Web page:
Formal Analysis of Two Landscapes Landscape painting has been around for many centuries depicting the surroundings from trees and mountains to towns and cities. Landscapes show many naturalistic aspects of the world around us from nature itself to the various architecture and cities, and what we see and interpret can be expressed differently on a canvas. Both Echo Lake, Franconia Mountains, New Hampshire and Field of Poppies are landscape paintings depicting different subject matter within 30 years of each other. Echo Lake, Franconia Mountains, New Hampshire was created in 1861, during the transition between Romanticism and Realism, by Albert Bierstadt. This landscape is made with oil on canvas when Bierstadt went to visit New Hampshire, United States of America. Field of Poppies was created in 1890, during the French Impressionism, by Claude Monet. This landscape is made with oil on canvas during the summer in the poppy field near his house in Giverny. These two paintings shows what the artists saw in their surroundings from the lake to the mountain, and from the field to the trees. Both paintings depict how the artists demonstrate their own interpretation of the landscape in the late 1800s and early 1900s. Bierstadt’s Echo Lake, Franconia Mountains, New Hampshire retains the idealized, realistic view of the landscape by depicting every detail he sees compared to Monet’s Field of Poppies where the landscape strongly incorporates expressive brushwork, playful colors, and soft lighting. Both of the landscapes use oil on canvas allowing brushwork to either be visible or not. The slow drying oil allows artists to edit their paintings after the initial stroke of pigment that they place on the canvas, thus they can either add texture or smooth out the oil in their brushwork. For Bierstadt’s Echo Lake, Franconia Mountains, New Hampshire, the brushwork is tight and controlled to get the exact detail that he wanted to interpret and present to create the ideal landscape for its time. The tight brushwork shows how Bierstadt took his time going through each detail thinking about what he is going to do next and making sure that he gets down everything that he sees in this view. The beach and the lake in the foreground and the trees in the background depicts that tight brushwork where it is precise and controlled, but not too loose to create its texture. There are many textures created from the brushwork that Bierstadt used. The lake was given a calm, smooth texture in the foreground; having it flatten, but still provide depth and detail with the reflection of the mountain and how the texture changed when light is being reflective in the distance. The mountains also have a smooth texture of how the trees cover the whole mountain side, but have minimal rough textures where the mountain protrudes outward, and the depth push the change of texture. The trees has a foliage texture that makes that more realistic as if they are alive. The rocks show a rough texture as if they were there. He does not miss any detail as he deliberately applies the right amount of texture, for each distinguish part of nature, as the landscape stretch in depth to its space to withhold the ideal realistic landscape. But this is different from Monet’s Field of Poppies where the brushwork is expressive. The expressive brushwork shows that it was done quickly and retained small amounts of detail in the overall composition, like there is no define detail in the poppies but the color itself, compared to Bierstadt’s detailed landscape. There is no hard specific details in the poppies, the trees, and the mountains, unlike Bierstadt’s Echo Lake, Franconia Mountains, New Hampshire where the crevasses in the mountain and the tree's’ trunk and branches can be seen even from afar. The curvature of the brushstroke on the trees, sky, mountain, and on the poppies created the texture and that slight detail that makes it surreal and blurry, like the landscape was painted from a quick glance. The strong amount of texture in the painting shows that Monet put in the thought and painted what he saw and how he would interpret on the canvas. Though the Field of Poppies was painted with expressive brushwork and texture with minimal detail while Bierstadt’s Echo Lake, Franconia Mountains, New Hampshire was painted with tight brushwork with idealized and realistic view of landscapes, they demonstrated their interpretations of landscapes and how they are seen by the artists. Although the brushwork provided the form of texture and detail, it is the colors that the artists decided to paint their landscape. Bierstadt’s Echo Lake, Franconia Mountains, New Hampshire has many colors affiliated to nature from the hint of blue to green to brown; it is as if the audience was there within the painting itself. The ideal colors that were used produce a naturalistic landscape that complemented each color. Bierstadt maintain the hues in different intensity and values to create a more three dimensional landscape giving the scene depth. There is a strong contrast of light and dark when the light directly hits an area; such as the trees, mountains, and rocks that are directly highlighted by the light, but a harsh, dark shadow is produced along next to it. The interchangeability of light and dark colors makes it a dynamic scene that is realistic and believable. The color catches every detail, the trees across the lake or even the rocks in the foreground; it makes them come alive in the painting. As for Monet’s Field of Poppies, the painting has playful colors. There was a small range of hues that was used, but it mainly stays on one side of the intensity and value spectrum. The use of light colors with a slightly darker tone created a shadow without using the whole spectrum of value. The majority of the painting is covered with a blue skyline and red-orange poppies with a hint of green, green-blue trees, which makes it a playful combination of colors that all work together and appeals to the eye. The colors are not bright but the color of the poppies pop and stand out from the blue and green. By lightening up the colors of the poppies, as it recedes, it creates a defined horizon line. There is no other sense of depth, besides the fact that darker tones start showing up on objects that are perceived to be in the back. Monet wanted to present the colors of the poppies even without detail, which is how he wants to demonstrate his interpretation of what he saw in that field. However, light plays a huge role in how the color was demonstrated in each landscape. Bierstadt’s Echo Lake, Franconia Mountains, New Hampshire provides a realistic depth and feeling to its landscape. The light is coming from the sky above between the cloud coverage highlighting some of the trees, mountain, and lake. Having the cloud coverage allows the light to come through unevenly making strong shadows around the landscape and darken up areas making it realistic due to the intense value. The light enhances the three-dimensional modeling of each object in the painting creating the different values in the forest. The lighting is dramatic in how it shines on certain parts of the painting, like how the lake shines and sparkles as the light burst through the clouds. The viewer can see a variety of value with how the light is portrayed in the painting allowing the colors to reflect and be showcased. But as for Monet’s Field of Poppies, there was no indication of where the light is coming from, but the overall painting has soft lighting. The painting has bright colors and in the distance color seems to darken in the mountains with no value of the colors transitioning between tones. There is small defining shadow for the trees created by the contrast between the light and the shadows that the tree cast. The light covers the painting as if it is shining from multiple points in the sky; both overhead and from the right. Even with the minimal shadows on the tree, as if the light is coming from the right, the poppies do not indicate any defined shadows. The light does not create any three dimensional figure but flattens the painting as if it is two dimensional due to the lack of shadowing. Both Bierstadt and Monet presented their paintings differently in respect to brushwork, color, and light. When I first saw Bierstadt’s Echo Lake, Franconia Mountains, New Hampshire, it presented the landscape of the mountain, forests, and lake beautifully with numerous detail. The detail is incredible with how the foliage presents itself with the texture and pushes the depth of the painting; this is what I find really interesting. It caught my eye with its dramatic lighting that illuminated different parts of the painting to show the contrast of both light and dark and how it is demonstrated in nature. As for Monet’s Field of Poppies, I found the painting to be brighter, playful, and happier with the mix of color that he chose to use. Up close I find it to be blurry and textural from the brushwork due to the quick motion and the time period he is in. Monet was one of the few artists that started the uprise of impressionism, where artists painted the scene at a certain time, and stop painting when the light changes. I believe that Monet wanted to capture the very act of perceiving nature of how people see things because people cannot see sharp details like in Bierstadt’s painting. In conclusion, both artists, Bierstadt and Monet, demonstrate their own interpretations in landscape by either retaining ideal, realistic view through detail or strongly incorporating expressive brushwork, playful color, and soft lighting. These two paintings perceive two different sides of landscape; the traditional and the impressionable aspects. Bierstadt holds his interpretation of the ideal, realistic landscape by maintaining the detail, texture, and spatial aspect through the brushwork, while creating a color and light contrast to show the bright and dark side of nature as well as the three dimensional modeling that is perceived through all the elements. Bierstadt’s landscape seems suggest that at people must really like to idealize the realistic aspect of nature and try to make everything breathtaking. On the other hand, Monet incorporates expressive, textural brushwork in every aspect of the painting which creates a blur effect making the viewer assume that he had done the painting quickly just to catch all the information before any changes can occur in the scenery. The playful colors allows the painting to brighten up with the attention to the poppies in view, but also eliminating the sense of perception and only using the colors to show distance and the horizon line. The soft light covers the whole painting creating minimal changes in tone, which flattens the painting to a two dimensional landscape painting. Impressionism is the biggest aspect of Monet’s paintings since he is painting as if perceived from the human eye (what people would see when looking at a landscape), which is a period that could be looked into further.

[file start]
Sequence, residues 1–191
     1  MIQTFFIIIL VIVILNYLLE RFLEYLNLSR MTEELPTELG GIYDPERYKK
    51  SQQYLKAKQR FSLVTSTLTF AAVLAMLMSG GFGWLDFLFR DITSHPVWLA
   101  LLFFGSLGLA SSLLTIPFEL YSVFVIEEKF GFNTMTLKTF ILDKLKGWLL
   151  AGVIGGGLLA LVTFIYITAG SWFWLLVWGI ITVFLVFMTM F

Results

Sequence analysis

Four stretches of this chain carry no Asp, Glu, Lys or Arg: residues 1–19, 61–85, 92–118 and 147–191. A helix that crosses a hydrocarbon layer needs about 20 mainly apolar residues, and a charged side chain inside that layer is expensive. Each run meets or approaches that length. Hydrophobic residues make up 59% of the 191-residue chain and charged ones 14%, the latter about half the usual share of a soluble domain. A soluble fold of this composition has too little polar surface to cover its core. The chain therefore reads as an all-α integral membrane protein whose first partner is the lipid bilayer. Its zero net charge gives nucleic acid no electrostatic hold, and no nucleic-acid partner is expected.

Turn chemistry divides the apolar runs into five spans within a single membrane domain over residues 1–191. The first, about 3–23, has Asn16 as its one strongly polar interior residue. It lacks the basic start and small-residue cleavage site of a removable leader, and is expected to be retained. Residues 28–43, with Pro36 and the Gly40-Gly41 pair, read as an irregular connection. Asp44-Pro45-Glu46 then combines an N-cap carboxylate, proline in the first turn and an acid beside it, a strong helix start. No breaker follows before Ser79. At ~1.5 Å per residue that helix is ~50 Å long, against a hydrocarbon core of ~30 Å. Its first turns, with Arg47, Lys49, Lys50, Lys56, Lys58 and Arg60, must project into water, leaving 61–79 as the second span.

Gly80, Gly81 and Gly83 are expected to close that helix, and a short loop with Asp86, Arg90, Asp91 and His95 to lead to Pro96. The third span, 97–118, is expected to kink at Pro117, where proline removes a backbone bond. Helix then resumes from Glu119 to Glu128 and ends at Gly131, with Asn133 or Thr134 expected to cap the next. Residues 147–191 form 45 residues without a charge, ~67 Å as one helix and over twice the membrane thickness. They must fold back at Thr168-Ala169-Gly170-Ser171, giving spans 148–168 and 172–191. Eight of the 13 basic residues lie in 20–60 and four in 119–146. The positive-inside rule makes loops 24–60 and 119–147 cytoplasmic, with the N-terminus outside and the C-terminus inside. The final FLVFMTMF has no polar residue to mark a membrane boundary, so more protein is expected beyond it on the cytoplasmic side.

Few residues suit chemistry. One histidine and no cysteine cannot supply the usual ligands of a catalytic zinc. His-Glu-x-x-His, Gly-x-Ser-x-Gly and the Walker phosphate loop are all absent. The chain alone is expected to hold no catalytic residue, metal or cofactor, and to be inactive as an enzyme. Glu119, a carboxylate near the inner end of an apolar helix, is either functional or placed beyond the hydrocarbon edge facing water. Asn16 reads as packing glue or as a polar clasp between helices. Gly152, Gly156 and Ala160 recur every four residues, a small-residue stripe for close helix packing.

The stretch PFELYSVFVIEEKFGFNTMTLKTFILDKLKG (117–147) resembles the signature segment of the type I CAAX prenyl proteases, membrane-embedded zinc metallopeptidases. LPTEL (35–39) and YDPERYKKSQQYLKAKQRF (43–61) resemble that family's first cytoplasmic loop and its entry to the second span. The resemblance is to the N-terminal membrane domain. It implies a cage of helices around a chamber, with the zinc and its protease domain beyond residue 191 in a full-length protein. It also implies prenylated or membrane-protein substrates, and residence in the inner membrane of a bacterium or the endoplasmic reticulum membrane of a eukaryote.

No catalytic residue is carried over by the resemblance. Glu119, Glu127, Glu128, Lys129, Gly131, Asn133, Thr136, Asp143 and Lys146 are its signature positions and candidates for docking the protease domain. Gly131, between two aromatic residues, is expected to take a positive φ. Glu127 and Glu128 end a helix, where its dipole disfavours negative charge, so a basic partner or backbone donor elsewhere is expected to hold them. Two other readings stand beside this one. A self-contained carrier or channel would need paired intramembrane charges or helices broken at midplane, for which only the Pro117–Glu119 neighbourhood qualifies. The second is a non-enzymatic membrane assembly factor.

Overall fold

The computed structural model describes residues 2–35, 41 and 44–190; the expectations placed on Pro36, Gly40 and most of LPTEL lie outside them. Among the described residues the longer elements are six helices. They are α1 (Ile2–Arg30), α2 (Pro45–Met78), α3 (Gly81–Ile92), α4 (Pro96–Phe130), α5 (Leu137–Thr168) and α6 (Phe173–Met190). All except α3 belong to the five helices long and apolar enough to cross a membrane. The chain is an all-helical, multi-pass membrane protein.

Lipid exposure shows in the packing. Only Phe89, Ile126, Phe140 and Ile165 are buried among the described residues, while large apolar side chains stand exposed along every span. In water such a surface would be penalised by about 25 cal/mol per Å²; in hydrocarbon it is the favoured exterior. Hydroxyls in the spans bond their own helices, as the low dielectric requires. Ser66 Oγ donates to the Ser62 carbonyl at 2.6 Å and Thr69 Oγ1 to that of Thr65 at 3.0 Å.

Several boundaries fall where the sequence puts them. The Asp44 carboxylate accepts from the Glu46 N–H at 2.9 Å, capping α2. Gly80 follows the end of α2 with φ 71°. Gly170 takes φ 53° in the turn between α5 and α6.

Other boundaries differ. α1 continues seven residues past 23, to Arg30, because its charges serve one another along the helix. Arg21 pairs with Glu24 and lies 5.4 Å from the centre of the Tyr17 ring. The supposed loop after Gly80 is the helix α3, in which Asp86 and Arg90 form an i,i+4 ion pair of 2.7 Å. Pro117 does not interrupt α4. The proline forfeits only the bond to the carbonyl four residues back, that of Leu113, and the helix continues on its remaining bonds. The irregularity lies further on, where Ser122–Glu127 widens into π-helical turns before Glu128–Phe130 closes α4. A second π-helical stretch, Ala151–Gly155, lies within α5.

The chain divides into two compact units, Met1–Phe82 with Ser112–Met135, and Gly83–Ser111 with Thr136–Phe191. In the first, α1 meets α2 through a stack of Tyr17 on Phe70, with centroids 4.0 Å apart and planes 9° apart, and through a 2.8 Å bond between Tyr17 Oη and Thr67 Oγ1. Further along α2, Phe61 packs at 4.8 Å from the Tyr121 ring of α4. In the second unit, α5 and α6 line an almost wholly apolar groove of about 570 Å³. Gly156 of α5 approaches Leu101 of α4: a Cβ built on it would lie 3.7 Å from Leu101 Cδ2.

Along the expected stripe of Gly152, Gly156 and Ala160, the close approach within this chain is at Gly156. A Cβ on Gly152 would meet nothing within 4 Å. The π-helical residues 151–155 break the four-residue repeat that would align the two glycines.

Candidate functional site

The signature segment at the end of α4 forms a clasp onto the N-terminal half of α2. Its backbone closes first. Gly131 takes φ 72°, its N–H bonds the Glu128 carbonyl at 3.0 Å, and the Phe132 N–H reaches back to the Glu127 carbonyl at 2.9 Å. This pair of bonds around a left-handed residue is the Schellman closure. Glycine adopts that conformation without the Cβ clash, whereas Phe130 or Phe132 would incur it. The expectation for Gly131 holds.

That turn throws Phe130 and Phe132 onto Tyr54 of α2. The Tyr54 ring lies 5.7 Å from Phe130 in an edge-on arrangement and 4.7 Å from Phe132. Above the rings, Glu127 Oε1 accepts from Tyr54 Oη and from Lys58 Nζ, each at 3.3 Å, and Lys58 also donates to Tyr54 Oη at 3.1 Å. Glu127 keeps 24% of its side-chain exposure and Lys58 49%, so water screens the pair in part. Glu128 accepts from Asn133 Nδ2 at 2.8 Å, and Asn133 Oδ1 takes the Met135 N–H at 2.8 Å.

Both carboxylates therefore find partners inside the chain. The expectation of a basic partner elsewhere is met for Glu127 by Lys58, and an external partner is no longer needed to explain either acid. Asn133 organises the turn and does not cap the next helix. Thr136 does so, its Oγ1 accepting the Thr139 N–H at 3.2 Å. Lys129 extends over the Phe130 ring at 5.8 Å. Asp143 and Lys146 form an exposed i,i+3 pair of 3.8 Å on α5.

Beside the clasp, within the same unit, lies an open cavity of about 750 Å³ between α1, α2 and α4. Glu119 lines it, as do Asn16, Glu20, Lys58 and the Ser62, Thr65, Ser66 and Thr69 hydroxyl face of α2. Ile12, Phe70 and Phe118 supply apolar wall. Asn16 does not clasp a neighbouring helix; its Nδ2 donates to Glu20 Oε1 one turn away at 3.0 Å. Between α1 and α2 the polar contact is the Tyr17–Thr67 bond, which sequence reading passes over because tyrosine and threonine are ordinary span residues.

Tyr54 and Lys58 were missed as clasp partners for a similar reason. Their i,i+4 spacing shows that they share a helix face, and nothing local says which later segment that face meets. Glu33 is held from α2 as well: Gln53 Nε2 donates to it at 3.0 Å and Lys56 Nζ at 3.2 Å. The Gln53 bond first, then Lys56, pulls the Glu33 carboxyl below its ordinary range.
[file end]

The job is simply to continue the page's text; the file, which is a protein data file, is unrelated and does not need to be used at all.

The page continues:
Albert Bierstadt, Echo Lake, Franconia Mountains, New Hampshire, 1861, oil on canvas

Claude Monte, Field of Poppies, 1890, oil on canvas…...